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My original intention in writing this book was to consider evolving mar­ ket systems and Hayekian criteria of efficiency (see von Hayek (1931, 1945) ), and to discover those formal structures which might possibly lie at the base of economic systems capable of evolution. Much work in this field had already been done by others (see, for example, Kirzner (1975) and Nelson/Winter (1982) ), and a consensus seems to have been reached that something like system theory must be the logical point of departure for evolutionary theory in economics. But most of the previous work in this area is purely intuitive, and though there is much talk in it of systems and system theory, a precise definition of the concept of a system in this context is nowhere to be found. I had hoped to be able to sketch a working definition of pricing and production systems in a few pages and then to go on to investigate their performance within the framework of modern stability analysis. It soon became clear, however, that difficult and complex problems arise from the very outset of such an endeavor. If, for example, one speaks of dynamic systems of pricing and production, it should be made clear just how these systems differ from those portrayed in standard price theory and why that theory is inadequate for such analysis.

Inhaltsverzeichnis

Frontmatter

0. Introduction

Abstract
My original intention in writing this book was to consider evolving market systems and Hayekian criteria of efficiency (see von Hayek (1931, 1945)), and to discover those formal structures which might possibly lie at the base of economic systems capable of evolution. Much work in this field had already been done by others (see, for example, Kirzner (1975) and Nelson/Winter (1982)), and a consensus seems to have been reached that something like system theory must be the logical point of departure for evolutionary theory in economics. But most of the previous work in this area is purely intuitive, and though there is much talk in it of systems and system theory, a precise definition of the concept of a system in this context is nowhere to be found. I had hoped to be able to sketch a working definition of pricing and production systems in a few pages and then to go on to investigate their performance within the framework of modern stability analysis. It soon became clear, however, that difficult and complex problems arise from the very outset of such an endeavor. If, for example, one speaks of dynamic systems of pricing and production, it should be made clear just how these systems differ from those portrayed in standard price theory and why that theory is inadequate for such analysis. Because the existing literature in evolutionary economics offers no clear answers to these questions, economists accustomed to thinking of preferences and scarcities as the primary determinants of price formation might justifiably ask what the real advantage of all this new theoretical apparatus is.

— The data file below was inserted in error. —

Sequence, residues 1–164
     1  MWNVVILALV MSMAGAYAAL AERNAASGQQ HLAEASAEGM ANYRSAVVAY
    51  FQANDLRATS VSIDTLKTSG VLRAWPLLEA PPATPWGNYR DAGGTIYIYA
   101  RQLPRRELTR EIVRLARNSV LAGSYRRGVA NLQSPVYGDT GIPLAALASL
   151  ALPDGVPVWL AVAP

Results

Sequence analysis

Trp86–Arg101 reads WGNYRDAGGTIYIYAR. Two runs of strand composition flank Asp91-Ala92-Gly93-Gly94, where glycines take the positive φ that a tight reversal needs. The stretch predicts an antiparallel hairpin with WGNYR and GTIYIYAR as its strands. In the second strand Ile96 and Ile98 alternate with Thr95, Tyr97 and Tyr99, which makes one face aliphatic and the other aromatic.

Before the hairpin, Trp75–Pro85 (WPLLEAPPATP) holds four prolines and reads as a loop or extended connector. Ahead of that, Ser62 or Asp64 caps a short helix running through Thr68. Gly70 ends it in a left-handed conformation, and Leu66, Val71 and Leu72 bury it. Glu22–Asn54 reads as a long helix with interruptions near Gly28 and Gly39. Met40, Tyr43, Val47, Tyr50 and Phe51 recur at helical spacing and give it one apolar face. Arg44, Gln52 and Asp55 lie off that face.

Albrecht Ritschl

1. Time in the Economic Equations of Prices and Production

Abstract